It’s Summer 2018 and I have my first ever therapy appointment.
I’m sitting in a waiting room, posters for beauty treatments all around me. They say they can freeze fat, remove cellulite and make me attractive. On the table in front of me are magazines piled with pictures of women that taunt me. I feel inadequate just looking at their bodies plastered on every page.
“Haaniyah Angus?” a voice asks.
I look upwards and I see her, the hypnotherapist my parents paid for. I head into her office and she introduces herself, telling me of her woes with food. I listen intently, hoping that this can fix me for once. She asks me about my history with food, and as I explain, she takes notes and devours every factoid about my life like a five-course meal. When I finish talking, she only says one thing: “I think you have an eating disorder.”
It’s Summer 2018 and I’ve been diagnosed with Binge Eating Disorder.
The official NHS website defines Binge Eating Disorder as “[a] disorder [that] involves regularly eating large portions of food all at once until you feel uncomfortably full, and then often upset or guilty.”
For a long time, I wonder what my life would be like without B.E.D. Would I be a more stable person? Would I have more friends; would people consider me more attractive? Would that version of me not reside in a constant state of misery that I can barely face day in and day out? To me, the idea of being able to eat without hearing a million and one voices criticise me in my head is exhilarating. To sit there with my plate in front of me and finally feel full. To not have my brain convince me that I am so emotionally broken that eating is the only way to fill the void I have always had inside me.
When you are fat, you aren’t given the chance to deal with disordered eating. If your body doesn’t fit the standard of visual pleasure that is desirable, then you are cast aside as a greedy waste of space. According to society, you’ve chosen to be fat, and you haven’t tried anything to change it. They can’t see that you’ve tried to make yourself vomit to no avail more times than you can remember. They don’t know you’ve bought laxatives to swallow in bulk hoping they will plunge your stomach of the toxins you’ve just consumed.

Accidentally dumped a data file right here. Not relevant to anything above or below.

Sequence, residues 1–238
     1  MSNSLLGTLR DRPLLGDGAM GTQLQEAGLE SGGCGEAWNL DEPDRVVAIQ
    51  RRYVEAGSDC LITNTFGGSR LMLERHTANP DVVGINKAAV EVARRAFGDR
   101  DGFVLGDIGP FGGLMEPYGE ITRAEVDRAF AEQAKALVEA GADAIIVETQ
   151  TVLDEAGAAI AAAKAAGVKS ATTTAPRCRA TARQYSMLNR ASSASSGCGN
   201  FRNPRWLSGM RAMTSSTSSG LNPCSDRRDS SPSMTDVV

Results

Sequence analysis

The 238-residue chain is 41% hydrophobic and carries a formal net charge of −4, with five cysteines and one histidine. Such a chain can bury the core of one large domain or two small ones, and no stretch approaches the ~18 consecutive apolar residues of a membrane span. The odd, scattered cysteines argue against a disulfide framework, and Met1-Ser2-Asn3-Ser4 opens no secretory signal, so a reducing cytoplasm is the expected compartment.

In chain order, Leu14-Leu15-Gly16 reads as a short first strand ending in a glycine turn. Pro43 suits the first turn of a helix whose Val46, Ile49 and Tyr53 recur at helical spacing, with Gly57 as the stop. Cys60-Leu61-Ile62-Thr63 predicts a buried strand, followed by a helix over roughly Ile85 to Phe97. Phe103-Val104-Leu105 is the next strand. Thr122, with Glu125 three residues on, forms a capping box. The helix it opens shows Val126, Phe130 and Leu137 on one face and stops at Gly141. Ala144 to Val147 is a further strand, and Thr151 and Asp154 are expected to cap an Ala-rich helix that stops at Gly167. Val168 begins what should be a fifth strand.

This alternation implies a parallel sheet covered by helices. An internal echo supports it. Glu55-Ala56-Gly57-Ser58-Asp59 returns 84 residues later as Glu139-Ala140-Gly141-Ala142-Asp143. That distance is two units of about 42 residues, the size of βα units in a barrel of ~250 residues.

I suffered from this disorder years before I could even describe what I was going through. This is the backstory I tell my hypnotherapist.
Being bullied at ages 5–7 made me feel lost and empty, so I’d often sit alone in the classroom during Primary School while my classmates are on the playground. When I decide the food my mother makes for me isn’t enough, I rummage around the lunchboxes of my classmates while they play, as healthy children do. Then I find it — the fruit, the snacks, the sandwiches. Each bite fills me with momentary joy before I am caught by a teacher who then tells my parents. I feel embarrassed even though, at the time, I didn’t know what I did was wrong. Mum and Dad tell me that I’m chubby, and there’s no need for me to eat more than I already do; otherwise, I’ll gain weight. I internalise it.
From that point on, I am on diets. You name it and I’ve tried it. I stare at my skinny brothers eating everything they want as I struggle to eat food meant for adults who willingly choose to be healthier. I’m jealous. Why am I being treated differently than them? According to my parents, it’s to make me healthier because I’m not meant to be the size I am at this age, and there’s nothing else they can do. So I diet, I starve, and then I begin to binge.
Sure, kids take things that don’t belong to them, but they don’t realize that it’s wrong and that permission is something we all abide by as a society. And yet, my brain stepped over that knowledge and began a long history of stealing. It started with my brothers’ food, the snacks they kept around the house meant to take with their lunches. I took a pack or two of something they wouldn’t notice, maybe an Oreo or some crisps. I snuck it in my training bra and hid in the bathroom. I ate until I blacked out. When I came to, I was ashamed. The instant guilt I felt made me try to throw it up, but I couldn’t.